Thank you, Anna Comstock, for spending your whole life showing us the value of science education. I didn’t know you did that. My high school biology teacher must have been a fan, since I still remember his enthusiasm for taking science outside, even when we were stuck in a basement room without much natural light. For our big project of the year – to collect and identify 50 examples of something – he approved everything from wildflowers to road kill (pictures only) to wheat samples, but it had to be something you found outdoors. That would have been right up Anna’s alley.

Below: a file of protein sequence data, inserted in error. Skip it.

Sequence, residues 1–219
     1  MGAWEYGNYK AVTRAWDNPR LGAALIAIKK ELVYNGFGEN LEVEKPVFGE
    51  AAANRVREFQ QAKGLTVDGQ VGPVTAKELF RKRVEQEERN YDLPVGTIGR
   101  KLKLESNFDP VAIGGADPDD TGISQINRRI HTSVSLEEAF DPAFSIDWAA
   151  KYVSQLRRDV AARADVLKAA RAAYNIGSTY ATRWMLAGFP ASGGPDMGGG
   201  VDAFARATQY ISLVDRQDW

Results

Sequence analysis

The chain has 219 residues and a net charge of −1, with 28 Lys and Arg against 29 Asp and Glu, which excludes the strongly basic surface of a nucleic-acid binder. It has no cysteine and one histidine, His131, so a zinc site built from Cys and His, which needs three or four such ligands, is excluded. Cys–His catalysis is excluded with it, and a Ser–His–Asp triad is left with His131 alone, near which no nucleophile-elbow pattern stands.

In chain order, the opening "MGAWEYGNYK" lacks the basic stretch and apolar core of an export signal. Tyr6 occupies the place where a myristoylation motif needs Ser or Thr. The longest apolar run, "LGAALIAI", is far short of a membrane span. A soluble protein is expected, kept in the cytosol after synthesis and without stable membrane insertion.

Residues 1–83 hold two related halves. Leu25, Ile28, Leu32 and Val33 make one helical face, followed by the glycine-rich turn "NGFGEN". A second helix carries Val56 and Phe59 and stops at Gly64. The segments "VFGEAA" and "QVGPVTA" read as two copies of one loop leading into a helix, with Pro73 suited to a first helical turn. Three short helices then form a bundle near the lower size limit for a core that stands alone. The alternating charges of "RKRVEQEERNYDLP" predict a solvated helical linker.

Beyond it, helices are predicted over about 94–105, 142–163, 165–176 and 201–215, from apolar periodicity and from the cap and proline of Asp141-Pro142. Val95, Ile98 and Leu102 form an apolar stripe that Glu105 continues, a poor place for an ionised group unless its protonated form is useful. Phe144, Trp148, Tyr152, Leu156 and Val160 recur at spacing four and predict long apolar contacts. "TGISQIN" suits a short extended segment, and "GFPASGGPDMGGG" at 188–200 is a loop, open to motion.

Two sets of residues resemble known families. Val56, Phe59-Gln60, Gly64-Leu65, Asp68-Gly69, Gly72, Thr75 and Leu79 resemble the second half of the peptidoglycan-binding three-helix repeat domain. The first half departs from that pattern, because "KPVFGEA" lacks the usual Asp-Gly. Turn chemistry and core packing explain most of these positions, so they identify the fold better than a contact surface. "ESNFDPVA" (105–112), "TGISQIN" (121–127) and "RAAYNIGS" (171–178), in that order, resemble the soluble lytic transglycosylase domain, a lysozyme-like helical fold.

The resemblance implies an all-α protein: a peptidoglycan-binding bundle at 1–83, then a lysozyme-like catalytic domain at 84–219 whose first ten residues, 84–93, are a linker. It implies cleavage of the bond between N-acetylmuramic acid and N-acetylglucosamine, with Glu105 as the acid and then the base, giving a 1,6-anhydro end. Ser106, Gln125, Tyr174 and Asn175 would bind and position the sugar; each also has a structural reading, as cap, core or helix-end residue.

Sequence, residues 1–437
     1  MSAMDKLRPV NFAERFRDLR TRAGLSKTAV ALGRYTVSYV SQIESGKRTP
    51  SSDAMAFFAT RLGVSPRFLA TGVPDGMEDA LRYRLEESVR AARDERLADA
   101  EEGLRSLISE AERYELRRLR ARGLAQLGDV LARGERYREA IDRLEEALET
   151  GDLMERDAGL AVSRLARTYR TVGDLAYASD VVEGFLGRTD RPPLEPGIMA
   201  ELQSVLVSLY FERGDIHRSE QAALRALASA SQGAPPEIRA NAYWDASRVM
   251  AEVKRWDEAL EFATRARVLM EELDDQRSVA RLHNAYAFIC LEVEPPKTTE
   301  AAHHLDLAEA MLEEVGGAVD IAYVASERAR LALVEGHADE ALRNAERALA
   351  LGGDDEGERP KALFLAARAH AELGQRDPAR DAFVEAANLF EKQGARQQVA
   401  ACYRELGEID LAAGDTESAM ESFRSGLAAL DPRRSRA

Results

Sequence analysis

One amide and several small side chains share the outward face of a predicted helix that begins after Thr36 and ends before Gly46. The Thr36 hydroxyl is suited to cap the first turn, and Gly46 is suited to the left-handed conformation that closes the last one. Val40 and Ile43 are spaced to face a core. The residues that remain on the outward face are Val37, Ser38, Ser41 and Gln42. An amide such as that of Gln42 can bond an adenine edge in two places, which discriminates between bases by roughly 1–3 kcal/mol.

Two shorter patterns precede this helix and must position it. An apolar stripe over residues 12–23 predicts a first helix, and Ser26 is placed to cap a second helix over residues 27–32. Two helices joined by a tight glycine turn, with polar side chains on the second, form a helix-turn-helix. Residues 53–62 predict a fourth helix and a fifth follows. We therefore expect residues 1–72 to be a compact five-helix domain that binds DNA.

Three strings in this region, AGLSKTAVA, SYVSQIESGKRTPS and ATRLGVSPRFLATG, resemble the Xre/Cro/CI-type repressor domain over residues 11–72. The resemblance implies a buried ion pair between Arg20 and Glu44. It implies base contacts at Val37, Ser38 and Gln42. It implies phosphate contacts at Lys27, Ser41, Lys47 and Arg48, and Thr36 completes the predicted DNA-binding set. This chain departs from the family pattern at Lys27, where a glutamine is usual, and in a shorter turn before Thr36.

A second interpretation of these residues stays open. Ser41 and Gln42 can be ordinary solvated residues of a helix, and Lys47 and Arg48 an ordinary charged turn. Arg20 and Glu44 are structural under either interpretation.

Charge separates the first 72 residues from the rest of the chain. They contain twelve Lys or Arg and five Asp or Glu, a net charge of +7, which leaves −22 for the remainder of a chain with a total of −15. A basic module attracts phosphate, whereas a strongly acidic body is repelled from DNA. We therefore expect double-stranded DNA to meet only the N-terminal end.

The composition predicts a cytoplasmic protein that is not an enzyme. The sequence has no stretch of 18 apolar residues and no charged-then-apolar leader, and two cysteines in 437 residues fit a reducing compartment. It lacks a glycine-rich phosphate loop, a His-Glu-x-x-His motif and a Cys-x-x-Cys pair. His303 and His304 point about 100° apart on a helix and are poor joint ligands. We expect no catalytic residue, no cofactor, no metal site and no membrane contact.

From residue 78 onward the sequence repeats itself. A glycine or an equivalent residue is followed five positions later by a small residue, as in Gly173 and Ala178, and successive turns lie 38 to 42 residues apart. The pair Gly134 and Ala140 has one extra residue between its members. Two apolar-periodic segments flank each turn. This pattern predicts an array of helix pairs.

Some of my happiest memories are of being outside, seeing some beautiful part of the landscape, finding hidden flowers, taking a walk around the block and seeing what’s new and green, or going to a nearby lake to look at an eagle’s nest, stick my toes in the water, or look over the bridge to see what’s below.
So her life and her work is a wonderful chapter of history to share with kids before going on a nature walk. “More about Anna” fills us in with additional details about her life and career, so this book is also a way to talk about changing roles in society, since she was clearly ahead of her time in keeping her profession after marriage and becoming a university professor.
Out of School and Into Nature: The Anna Comstock Story by Suzanne Slade & Jessica Lanan